Tag Archives: baby possums

You people never cease to amaze me.


Here are the search terms that referred people to my blog this week:

  • possum sitting (Aw!)
  • mom and baby possum (Double aw!)
  • ethel loves him + cartoon
  • wordpress ethel (Someone searched for me! Someone knows I exist!)
  • who wrote the hey song (Gary Glitter. Duh.)
  • i’m wide awake, it’s morning wordpress his mother mom stroke relationship young college life (Wha?)
  • claiming to give 110 percent (Those 110 percent-ers. Oh, those silly geese.)
  • baby girl possum (Lots of possum searches, huh?)
  • never give 110 percent (Of course, “never give 110 percent.” You never give 110 percent because it’s humanly impossible. But hopefully that person read my post and understands that now.)
  • is there such thing as 110 percent (No.)
  • do dead possums explode (…)

Okay, let’s dwell on that last one for a moment. Someone somewhere is sitting in their house, either in front of a computer or with a cell phone in hand, and suddenly he or she just happens to wonder, “Do dead possums explode?”

Hmm, let’s see.

Does the dead possum have any large, open wounds, either from an animal or motor vehicle impact? If the dead possum has a large wound, this may prevent the explosion.

Did you try shoving a stick of dynamite inside of the dead possum? Although this isn’t the most natural way to make your dead possum explode, it sure does the trick.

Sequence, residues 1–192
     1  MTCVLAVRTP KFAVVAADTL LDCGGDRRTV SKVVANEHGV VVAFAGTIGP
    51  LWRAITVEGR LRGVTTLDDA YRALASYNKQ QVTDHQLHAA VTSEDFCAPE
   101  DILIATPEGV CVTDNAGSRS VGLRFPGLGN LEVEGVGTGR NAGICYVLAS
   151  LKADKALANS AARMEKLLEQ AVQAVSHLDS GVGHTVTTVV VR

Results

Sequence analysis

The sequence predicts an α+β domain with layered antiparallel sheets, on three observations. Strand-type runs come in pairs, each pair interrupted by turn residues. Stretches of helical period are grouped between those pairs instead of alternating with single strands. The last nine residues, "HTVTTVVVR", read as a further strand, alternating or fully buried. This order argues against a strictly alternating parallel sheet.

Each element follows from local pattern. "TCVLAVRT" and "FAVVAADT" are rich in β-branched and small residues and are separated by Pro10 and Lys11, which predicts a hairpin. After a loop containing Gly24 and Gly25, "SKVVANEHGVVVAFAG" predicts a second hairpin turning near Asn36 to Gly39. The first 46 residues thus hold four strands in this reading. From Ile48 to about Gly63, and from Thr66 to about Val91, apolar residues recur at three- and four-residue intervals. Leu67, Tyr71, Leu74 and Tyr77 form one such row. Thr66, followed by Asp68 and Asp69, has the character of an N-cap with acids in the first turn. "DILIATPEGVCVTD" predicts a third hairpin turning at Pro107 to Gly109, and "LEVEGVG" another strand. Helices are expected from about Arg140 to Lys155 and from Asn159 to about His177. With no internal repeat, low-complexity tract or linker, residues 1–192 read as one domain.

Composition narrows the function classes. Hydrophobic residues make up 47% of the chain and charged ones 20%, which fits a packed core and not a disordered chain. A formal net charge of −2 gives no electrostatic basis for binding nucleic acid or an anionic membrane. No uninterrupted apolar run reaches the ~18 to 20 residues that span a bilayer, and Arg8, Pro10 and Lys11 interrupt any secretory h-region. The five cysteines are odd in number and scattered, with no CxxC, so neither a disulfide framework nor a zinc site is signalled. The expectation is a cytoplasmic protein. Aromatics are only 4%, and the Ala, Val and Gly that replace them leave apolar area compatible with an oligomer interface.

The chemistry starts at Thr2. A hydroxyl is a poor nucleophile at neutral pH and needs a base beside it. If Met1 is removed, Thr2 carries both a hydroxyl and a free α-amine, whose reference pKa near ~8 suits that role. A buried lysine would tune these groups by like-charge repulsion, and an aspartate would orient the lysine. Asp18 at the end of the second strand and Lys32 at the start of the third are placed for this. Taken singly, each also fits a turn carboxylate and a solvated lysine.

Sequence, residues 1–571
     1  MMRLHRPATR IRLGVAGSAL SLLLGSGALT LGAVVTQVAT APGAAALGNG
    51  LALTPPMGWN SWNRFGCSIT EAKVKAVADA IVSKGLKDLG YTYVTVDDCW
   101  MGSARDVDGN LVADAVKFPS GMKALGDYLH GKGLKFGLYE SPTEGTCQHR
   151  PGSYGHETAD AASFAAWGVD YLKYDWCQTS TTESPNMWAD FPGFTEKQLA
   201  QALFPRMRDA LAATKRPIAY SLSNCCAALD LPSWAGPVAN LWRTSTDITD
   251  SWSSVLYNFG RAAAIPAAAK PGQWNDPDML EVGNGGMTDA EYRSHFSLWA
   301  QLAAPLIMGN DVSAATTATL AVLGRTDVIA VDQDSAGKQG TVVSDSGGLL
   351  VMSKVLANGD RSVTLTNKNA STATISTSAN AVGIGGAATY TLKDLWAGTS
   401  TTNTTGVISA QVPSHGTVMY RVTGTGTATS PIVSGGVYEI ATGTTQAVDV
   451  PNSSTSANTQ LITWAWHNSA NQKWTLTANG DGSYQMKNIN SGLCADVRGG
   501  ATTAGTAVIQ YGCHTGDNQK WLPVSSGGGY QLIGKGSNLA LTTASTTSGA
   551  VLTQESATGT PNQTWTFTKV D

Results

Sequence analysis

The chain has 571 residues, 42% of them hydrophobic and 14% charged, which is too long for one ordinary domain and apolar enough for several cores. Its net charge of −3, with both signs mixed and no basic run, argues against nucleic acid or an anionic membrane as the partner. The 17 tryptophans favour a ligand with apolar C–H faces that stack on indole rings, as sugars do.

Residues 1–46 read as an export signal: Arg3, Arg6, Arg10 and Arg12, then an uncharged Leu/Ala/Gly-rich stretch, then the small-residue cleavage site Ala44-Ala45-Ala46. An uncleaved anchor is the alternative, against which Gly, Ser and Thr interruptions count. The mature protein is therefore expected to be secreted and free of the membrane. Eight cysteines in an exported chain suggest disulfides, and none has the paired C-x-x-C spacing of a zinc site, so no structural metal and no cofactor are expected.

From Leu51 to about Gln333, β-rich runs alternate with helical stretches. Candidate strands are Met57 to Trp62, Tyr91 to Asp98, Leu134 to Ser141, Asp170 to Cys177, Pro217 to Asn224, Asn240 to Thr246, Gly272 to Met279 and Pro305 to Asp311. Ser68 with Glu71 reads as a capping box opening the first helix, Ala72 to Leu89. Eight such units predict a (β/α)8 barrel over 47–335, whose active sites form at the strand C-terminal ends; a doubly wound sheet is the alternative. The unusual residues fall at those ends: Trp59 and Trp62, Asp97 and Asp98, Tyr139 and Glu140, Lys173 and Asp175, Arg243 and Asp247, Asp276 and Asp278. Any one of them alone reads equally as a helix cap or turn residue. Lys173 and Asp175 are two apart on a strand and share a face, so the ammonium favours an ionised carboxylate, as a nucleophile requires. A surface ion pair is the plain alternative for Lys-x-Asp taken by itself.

Did you try putting the dead possum in the microwave? I’ve heard that certain things will explode when placed in a microwave. Maybe the same holds true for a dead possum.

One last suggestion on how to test the explosiveness of a dead possum: jump on it. If it’s been decaying for awhile, there may be gases built up inside of it. If you jump on it, it may detonate the gases, causing an explosion. (Just make sure to wear your galoshes.)

“Don’t blow us up, please!”

I hope you all aren’t taking me seriously. I would never want someone to blow up a possum.

On a possum.


Sorry about the lack of recent posting. This is one I started a while back in response to a request. I finished most of it, then left myself the last paragraph to finish (for some reason, I just didn’t feel I could get out that last graf).

I like this whole “taking requests for blog posts” thing.

Today we have a suggestion from Kerry, who asked me to write about possums. Apparently, her husband likes to play Billy the Exterminator. One of his recent catches was a possum. Those marsupial guys are just so darn cute, with their big eyes and big ears … and their little pink bows.

I didn't Photoshop this. I found it this way.

When I did the last request post and Mely had already submitted her request for tea, Kerry suggested that I write about possums. So here we go.

Possums aren’t just cute. They are also very talented at getting into places where they just should not be. A friend of my sister’s tells a story about how she found a baby possum in her air conditioner’s intake. I once knew a guy who would pull over on the side of the road and pick up dead possums to take them home to “study them.” (We don’t talk anymore.)